In its place will be strong export demand, especially from emerging markets, according to the ACC.

Today the $674 billion American chemistry enterprise accounts for more than 10 percent of U.S. exports. Growth in export markets is driven by several factors, including favorable energy costs resulting from shale gas extraction, as well as emerging markets, where recovery and expansion have been strongest.

“Growth in emerging markets, most notably in China, India and Brazil, is increasing demand for chemistry feedstock materials,” the ACC explained in an announcement of its annual report. “Production of chemistry products in emerging economies increased by 12.2 percent in 2010, and further gains are expected.

“During 2011, as emerging nations continue to present good growth prospects, trade in chemicals will continue to expand,” according to the announcement.

Following the global financial crisis, emerging regional economies in Asia and Latin America, among others, fared better than the U.S. and Europe. While many markets in Central and Eastern Europe contracted in 2008 and 2009, they have recovered and are forecast to grow steadily as fears of a double-dip recession recede.

“The regional performance of the chemical industry has reflected this strong recovery, with many companies matching or exceeding precrisis levels,” ICIS Chemical Business said. “A raft of new projects are planned for Asia and Latin America. China’s phenomenal growth hardly slowed in the slump and is proving to be the engine of global recovery.”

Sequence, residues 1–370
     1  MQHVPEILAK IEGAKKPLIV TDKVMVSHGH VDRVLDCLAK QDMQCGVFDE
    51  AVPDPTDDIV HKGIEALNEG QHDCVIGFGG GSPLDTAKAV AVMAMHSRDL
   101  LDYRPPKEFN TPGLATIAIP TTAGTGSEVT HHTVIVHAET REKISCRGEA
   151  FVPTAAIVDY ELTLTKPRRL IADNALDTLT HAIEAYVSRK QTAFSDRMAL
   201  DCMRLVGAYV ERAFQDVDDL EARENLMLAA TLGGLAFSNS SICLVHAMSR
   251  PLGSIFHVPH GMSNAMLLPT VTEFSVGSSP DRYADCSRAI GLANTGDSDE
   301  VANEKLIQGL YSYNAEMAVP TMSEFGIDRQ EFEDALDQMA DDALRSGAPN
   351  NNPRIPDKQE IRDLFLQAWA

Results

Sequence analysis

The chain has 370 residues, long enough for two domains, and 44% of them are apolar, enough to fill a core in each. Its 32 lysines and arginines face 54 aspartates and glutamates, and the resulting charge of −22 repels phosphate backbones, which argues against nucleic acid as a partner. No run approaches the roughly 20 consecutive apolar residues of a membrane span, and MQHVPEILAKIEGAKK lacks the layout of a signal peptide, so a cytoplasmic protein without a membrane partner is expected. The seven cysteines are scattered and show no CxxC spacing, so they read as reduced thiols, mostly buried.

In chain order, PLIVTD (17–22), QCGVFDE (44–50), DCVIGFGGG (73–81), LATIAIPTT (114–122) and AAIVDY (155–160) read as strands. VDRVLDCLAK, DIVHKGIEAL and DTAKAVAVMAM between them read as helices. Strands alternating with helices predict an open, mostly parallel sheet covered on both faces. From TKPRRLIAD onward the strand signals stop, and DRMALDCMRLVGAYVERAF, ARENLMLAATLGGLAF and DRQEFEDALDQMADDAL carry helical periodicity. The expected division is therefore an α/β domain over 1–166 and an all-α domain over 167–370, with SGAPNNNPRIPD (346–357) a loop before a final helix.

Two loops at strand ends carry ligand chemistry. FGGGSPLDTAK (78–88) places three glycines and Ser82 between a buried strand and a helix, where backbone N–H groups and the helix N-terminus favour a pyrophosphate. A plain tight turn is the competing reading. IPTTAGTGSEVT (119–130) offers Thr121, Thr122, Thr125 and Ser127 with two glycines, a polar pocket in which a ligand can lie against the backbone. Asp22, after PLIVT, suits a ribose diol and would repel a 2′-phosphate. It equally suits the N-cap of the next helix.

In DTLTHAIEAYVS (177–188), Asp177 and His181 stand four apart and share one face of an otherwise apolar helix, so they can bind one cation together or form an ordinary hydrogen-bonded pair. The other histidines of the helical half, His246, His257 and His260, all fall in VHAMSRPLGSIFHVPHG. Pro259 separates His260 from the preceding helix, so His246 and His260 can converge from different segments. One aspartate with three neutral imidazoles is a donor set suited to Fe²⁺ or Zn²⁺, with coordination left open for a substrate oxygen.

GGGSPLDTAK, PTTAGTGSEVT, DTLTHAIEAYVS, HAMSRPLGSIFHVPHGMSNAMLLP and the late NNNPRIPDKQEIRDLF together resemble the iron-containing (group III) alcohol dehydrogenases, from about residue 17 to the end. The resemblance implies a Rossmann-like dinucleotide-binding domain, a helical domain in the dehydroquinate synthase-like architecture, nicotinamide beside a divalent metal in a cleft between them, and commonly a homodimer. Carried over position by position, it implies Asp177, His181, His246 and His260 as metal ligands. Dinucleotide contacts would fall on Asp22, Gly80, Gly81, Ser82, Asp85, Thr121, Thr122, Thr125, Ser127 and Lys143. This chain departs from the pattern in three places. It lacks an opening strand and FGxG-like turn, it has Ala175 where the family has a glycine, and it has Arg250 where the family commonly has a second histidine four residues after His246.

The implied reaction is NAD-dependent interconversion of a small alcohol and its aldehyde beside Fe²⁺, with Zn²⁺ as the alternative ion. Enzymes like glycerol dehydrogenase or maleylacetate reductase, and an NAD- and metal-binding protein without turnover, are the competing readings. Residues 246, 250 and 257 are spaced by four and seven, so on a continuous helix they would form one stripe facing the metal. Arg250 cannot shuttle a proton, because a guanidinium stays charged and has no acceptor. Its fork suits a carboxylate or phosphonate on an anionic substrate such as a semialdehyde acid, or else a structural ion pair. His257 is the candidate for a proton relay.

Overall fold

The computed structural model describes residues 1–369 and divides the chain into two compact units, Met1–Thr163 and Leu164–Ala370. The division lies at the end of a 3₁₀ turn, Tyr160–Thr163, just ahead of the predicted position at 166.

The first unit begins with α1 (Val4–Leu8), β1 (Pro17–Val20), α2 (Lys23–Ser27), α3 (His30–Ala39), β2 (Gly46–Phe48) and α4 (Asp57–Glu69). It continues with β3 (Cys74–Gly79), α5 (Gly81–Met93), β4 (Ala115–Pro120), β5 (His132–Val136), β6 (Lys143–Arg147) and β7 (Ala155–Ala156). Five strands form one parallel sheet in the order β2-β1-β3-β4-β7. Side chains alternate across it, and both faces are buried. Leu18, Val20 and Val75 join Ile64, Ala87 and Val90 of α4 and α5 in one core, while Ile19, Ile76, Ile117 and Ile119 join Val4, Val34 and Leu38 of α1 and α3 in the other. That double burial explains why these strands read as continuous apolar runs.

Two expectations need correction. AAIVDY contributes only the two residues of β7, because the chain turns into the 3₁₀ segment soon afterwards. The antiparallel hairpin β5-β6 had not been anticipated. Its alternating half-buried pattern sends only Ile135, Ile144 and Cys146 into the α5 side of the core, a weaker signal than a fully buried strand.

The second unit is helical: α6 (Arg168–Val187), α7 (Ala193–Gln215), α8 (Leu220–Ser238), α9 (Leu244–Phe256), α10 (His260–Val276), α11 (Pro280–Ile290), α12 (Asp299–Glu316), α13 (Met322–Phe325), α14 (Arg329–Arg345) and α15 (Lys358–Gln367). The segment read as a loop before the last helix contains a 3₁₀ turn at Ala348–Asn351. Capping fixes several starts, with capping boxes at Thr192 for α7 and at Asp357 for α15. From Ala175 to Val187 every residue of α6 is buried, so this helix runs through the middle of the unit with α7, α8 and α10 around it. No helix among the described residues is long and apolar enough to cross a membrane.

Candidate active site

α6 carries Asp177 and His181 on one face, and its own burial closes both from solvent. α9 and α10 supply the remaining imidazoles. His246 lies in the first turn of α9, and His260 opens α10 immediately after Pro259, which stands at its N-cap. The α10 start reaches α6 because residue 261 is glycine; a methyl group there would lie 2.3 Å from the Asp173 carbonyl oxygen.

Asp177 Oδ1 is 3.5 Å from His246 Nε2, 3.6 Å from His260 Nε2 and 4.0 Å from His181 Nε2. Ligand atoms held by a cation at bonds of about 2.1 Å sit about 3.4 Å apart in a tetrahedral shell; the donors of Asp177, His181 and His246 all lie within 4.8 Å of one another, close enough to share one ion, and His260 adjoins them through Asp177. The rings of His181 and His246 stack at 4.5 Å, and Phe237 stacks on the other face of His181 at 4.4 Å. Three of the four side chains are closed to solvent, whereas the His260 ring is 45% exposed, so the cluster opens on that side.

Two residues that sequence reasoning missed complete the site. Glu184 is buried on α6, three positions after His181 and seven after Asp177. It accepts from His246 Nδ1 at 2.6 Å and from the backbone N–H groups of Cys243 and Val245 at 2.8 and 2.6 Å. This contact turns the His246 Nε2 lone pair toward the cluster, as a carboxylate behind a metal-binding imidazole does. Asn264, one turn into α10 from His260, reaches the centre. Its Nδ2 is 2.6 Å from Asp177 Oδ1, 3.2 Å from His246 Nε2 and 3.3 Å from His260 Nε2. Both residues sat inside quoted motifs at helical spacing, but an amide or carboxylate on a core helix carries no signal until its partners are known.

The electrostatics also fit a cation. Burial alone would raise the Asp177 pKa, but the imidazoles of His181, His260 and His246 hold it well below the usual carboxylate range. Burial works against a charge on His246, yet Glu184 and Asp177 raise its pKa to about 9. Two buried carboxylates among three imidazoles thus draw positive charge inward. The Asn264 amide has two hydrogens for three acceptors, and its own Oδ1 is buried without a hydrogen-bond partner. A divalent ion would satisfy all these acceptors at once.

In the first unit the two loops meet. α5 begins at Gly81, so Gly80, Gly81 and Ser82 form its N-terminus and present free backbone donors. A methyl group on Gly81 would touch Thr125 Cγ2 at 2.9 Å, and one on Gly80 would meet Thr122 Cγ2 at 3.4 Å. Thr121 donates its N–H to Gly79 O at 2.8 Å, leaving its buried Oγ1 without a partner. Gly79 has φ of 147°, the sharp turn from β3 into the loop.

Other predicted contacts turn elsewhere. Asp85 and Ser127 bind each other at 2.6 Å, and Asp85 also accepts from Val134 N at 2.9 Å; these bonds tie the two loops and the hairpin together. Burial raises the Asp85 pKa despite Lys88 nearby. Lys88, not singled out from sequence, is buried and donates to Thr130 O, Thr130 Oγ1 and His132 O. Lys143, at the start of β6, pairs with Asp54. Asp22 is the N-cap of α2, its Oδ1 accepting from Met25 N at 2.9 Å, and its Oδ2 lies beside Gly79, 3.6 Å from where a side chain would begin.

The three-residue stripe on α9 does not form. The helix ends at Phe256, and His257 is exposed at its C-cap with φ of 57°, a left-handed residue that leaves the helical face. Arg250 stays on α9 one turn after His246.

Throughout 2010, companies continued to focus on improving efficiencies, product innovations and research and development. Yet demand volatility and its associated risks are expected to be a major challenge in 2011 and beyond.

“Listening to record profit announcements of the chemical industry around the globe, the economic crisis seems to be overcome faster than anybody imagined only one year ago — but what is the real outlook?” Alexander Keller, global head of the chemicals/oil practice group at Roland Berger Strategy Consultants, recently told ICIS. “Certainly 2011 will become a year of ‘calming down,’ seeing some growth on a lower basis.